Small Family Farm CSA

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September Seventh

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On Week 15 out of 20 Summer Share deliveries, your farmers are aware of their bodies.  It is interesting to watch how a farm-worker’s body changes throughout the season.  When a season is young and new our bodies are rested and seem to contain a storage reservoir of energy and agility that will carry us far into a growing season.  As a growing season wears on, so does the toll taken on a body that has been well-used and worked for an extended harvest period. 

I have noticed that when I go stand up after sitting for a bit, the legs feel stiff and tired.  When I go to lift a bin of tomatoes, they feel heavier than a bin of kohlrabi felt in the Spring.  When I think about walking out to field 9 to join the crew, I think about driving out now instead to conserve my energy.  Our shoulders and wrists and elbows feel tired and used from the continual weeding, pulling, lifting, scraping and pushing of plants, fruits, earth and machines. 

Farming is athletic in nature which is something I have always loved about it.  My body thrives when it is used.  On an organic vegetable farm a body is often in motion.  We do bending, kneeling, crawling, reaching, twisting, lifting, squatting and even a little standing and sitting at times.  Our hearts receive a steady and consistent, but not strenuous and intense workout.  And while the use and exercise felt welcome and nourishing in the Spring, a decline in the sheer weight of it all would be welcome at this point.  But the vegetables in the Fall usually get heavier and not lighter.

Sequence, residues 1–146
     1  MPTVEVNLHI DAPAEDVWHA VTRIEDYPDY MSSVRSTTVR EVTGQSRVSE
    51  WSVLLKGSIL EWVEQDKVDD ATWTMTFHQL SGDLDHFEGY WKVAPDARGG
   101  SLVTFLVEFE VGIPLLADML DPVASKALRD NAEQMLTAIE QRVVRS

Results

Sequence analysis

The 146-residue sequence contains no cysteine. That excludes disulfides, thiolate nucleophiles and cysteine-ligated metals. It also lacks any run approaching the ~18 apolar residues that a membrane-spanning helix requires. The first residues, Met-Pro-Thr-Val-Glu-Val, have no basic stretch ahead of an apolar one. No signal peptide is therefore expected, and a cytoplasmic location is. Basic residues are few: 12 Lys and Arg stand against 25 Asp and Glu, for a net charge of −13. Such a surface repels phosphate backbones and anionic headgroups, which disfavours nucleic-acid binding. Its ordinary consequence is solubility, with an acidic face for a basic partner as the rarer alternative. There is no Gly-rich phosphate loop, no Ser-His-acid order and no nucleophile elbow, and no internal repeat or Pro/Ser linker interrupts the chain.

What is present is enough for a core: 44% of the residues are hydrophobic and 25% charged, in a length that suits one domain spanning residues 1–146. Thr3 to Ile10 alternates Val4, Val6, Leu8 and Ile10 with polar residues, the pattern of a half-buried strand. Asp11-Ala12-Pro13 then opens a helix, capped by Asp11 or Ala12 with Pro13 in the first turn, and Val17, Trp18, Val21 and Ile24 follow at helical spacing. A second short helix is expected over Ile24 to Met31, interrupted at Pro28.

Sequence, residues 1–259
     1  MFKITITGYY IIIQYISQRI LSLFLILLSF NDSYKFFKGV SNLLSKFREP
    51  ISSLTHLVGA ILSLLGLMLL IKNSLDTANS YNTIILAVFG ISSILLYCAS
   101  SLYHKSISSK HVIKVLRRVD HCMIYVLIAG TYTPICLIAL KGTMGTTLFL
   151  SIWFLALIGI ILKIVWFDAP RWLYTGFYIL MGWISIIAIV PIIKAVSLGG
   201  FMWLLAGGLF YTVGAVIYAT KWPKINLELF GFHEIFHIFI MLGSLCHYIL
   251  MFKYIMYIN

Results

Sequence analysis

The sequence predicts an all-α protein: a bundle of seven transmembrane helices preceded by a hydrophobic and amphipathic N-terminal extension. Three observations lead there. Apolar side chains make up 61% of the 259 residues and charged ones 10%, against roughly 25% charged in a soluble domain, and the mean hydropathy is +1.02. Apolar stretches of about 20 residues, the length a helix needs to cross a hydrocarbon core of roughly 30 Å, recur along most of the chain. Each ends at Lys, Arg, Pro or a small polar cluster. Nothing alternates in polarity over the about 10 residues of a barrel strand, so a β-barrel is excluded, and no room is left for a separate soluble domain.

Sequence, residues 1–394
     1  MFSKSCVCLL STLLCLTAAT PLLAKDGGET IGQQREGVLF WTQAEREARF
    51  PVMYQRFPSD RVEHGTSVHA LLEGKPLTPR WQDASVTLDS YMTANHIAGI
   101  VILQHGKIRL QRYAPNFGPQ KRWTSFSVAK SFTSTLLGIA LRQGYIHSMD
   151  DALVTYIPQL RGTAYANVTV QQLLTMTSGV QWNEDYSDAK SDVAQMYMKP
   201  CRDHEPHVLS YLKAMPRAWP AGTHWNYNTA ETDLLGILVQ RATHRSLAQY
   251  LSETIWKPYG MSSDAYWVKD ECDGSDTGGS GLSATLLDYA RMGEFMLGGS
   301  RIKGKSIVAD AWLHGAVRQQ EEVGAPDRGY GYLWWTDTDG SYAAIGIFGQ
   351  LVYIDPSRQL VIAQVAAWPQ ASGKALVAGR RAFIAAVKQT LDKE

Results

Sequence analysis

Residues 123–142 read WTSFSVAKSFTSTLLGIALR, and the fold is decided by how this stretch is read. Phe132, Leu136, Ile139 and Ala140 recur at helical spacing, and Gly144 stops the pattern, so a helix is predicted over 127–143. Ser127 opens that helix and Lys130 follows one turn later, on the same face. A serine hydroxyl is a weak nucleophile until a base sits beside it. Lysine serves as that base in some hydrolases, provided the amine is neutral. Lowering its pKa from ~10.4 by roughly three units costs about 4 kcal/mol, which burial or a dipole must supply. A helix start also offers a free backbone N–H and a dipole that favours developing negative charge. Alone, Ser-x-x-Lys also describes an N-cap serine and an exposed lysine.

A farmer needs to pace themselves the way a marathon runner needs to pace themselves when thinking about finishing the race.  The key is to put one foot in front of the other and maintain a steady and consistent pace.  The body will receive a rest once we cross the finish line in November, but for now we need to stay nourished, rested and strong.  A part of me loves this mental and physical stamina challenge while part of me wants to simply lie down.  The fruits of our labors are rich and worthwhile.   It feels good to not have to worry about consuming too many calories, but to worry about consuming enough.    

As the season wanes and we enter the last few months of farm work, I feel thankful for the waning sunlight and that our working hours are limited.  I feel thankful for the waning surge that the plant-life contains.  While I will soak up every hour of the sun’s rays on my face and hands as I can, I will honor the dark side of the day and the rest it encourages.  The weeds grow slower, the grass grows slower, the planting is done.  Now we focus on the harvest. 

This week we will dig potatoes for the Fall CSA boxes and begin to harvest our winter squashes.  All heavy and dense fruits and tubers that offer a festive sort of feel in their reaping.  Somehow we forget that we’re working and that our bodies are tired and a little sore among the chatter and laughter in the fields.  We forget how hard we’ve worked to get to this point and even though it was hard work, it was purposeful and we will joyfully get up and do it again each day until the work is done. 

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What’s in the Box?